Are you busy defending your outdated and inappropriate ideas? Will you be surprised if one day you are handed any empty box to pack your belongings and get ushered through the door; being told that your exit package will be in your bank account soon.

The consumers of the products that your company is selling know what they want; and their needs and preferences change constantly. It does not matter what you believe they want, just give them what they want. Steve Jobs got the wrong end of the stick about consumers’ preferences for big screen phones. Tim Cook and the remaining executives seem to have gotten the message from the market by introducing the big screen IPhone 6 Plus.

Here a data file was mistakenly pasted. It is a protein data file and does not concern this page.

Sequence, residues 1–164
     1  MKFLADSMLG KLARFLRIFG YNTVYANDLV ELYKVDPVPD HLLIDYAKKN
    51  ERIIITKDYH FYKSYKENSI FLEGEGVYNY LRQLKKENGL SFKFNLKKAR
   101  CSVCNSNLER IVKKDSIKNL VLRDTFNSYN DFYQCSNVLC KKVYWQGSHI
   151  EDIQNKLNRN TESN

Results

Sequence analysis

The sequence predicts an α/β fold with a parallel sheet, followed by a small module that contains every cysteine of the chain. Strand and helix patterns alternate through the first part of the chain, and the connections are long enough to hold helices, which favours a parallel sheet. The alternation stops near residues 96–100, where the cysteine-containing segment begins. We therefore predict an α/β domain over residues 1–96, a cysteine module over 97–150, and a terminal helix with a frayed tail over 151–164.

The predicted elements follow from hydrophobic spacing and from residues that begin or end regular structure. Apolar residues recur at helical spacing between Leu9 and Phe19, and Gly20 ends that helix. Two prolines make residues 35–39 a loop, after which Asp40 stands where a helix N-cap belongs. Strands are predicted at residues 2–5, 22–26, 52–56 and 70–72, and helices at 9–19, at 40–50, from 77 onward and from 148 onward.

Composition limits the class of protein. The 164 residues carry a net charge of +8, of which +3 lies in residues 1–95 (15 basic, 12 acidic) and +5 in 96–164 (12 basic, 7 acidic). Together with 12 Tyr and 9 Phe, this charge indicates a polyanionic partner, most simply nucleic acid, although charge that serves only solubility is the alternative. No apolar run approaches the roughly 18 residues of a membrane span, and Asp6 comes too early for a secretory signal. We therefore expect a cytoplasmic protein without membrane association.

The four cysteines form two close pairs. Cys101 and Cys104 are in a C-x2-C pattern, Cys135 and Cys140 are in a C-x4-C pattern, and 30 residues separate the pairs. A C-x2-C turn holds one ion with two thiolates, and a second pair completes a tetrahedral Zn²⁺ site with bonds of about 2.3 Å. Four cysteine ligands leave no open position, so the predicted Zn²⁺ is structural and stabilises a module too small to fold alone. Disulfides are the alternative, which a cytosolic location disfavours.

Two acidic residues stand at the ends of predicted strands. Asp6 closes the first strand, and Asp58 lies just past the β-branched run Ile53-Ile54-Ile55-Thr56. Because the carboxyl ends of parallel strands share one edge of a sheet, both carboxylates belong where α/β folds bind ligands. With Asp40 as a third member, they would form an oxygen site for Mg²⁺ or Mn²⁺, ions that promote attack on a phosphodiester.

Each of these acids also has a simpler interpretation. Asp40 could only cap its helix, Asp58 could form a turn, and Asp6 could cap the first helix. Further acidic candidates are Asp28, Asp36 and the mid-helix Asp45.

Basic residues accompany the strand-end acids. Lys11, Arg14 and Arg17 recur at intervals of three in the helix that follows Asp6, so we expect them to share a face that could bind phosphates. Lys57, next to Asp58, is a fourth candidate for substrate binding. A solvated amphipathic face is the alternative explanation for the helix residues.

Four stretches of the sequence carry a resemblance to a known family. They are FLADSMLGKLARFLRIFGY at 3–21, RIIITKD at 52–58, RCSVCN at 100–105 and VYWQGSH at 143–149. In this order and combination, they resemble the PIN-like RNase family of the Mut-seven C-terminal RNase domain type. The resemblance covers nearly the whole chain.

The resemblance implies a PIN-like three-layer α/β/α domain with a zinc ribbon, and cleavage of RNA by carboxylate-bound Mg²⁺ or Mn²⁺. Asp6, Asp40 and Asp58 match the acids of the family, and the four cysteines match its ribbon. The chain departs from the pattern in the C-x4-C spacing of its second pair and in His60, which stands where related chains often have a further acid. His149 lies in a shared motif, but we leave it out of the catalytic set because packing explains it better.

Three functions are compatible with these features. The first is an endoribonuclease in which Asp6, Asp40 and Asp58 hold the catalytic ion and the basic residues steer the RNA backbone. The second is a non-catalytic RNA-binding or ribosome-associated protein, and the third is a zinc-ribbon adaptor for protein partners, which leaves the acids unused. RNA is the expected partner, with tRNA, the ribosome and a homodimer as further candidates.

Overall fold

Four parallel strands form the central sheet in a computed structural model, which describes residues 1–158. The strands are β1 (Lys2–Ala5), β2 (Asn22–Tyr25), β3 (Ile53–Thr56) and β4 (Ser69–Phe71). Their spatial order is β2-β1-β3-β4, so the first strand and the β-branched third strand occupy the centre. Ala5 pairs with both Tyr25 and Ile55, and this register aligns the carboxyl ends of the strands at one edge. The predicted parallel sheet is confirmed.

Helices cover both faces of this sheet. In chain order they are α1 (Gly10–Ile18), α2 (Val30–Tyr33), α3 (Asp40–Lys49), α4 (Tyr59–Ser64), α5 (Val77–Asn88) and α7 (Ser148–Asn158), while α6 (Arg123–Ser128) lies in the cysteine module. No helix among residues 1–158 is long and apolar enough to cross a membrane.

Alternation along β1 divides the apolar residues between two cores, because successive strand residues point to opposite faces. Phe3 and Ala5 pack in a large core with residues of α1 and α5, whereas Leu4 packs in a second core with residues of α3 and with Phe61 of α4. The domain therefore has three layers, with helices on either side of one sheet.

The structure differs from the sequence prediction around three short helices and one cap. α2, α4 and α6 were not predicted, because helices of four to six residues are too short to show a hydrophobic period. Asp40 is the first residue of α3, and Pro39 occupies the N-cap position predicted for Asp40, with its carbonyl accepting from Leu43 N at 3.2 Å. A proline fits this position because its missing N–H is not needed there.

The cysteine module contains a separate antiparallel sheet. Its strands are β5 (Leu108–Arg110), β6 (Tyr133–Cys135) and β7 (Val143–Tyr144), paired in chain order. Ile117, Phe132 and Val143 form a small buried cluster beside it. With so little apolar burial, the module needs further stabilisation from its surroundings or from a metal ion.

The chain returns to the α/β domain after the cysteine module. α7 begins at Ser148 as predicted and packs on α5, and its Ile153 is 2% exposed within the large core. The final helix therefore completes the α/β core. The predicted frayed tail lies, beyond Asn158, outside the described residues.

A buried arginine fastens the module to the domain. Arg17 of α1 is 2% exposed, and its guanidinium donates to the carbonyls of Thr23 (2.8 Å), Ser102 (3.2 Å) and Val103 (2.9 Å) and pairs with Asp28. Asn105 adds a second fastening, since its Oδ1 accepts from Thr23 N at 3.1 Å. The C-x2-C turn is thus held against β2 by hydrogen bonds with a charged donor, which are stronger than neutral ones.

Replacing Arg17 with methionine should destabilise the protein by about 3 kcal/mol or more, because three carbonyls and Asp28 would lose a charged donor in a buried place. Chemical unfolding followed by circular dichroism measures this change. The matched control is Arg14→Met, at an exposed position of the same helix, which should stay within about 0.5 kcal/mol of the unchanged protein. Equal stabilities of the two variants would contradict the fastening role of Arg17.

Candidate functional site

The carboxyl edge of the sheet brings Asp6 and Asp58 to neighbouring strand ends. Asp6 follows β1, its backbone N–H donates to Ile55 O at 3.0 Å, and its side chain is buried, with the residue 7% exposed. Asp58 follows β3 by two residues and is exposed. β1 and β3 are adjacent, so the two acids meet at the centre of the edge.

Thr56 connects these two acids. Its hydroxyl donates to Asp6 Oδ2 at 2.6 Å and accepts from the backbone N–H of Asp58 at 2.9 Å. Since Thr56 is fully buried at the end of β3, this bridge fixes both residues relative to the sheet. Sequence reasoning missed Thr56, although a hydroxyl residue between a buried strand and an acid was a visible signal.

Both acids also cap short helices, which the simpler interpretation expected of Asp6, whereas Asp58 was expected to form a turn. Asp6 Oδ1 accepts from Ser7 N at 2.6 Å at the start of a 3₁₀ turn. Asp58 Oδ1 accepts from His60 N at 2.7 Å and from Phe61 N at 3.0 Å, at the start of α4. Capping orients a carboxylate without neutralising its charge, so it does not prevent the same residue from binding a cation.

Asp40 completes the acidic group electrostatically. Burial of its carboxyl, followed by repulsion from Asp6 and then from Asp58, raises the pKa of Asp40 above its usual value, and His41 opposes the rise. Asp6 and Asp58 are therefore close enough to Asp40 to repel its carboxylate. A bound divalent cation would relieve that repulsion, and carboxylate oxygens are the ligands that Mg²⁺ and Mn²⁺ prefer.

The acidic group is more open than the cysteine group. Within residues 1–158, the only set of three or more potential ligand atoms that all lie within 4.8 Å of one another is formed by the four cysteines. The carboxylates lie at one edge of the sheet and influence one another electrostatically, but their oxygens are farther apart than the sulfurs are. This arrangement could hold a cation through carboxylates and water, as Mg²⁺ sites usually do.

We close with the words of Sun Tzu; ancient Chinese military general, strategist and philosopher; who said;

“Deep knowledge is to be aware of disturbance before disturbance, to be aware of danger before danger, to be aware so destruction before destruction, to be aware of calamity before calamity”
Let not your ego cloud your perception about what the market actually needs.

Sam Hlabati is a Senior Professional in Human Resources (SPHR), a Certified Compensation Professional (CCP®) and a Global Remuneration Professional (GRP®). E-mail samhlabati@gmail.com; twitter handle; @samhlabati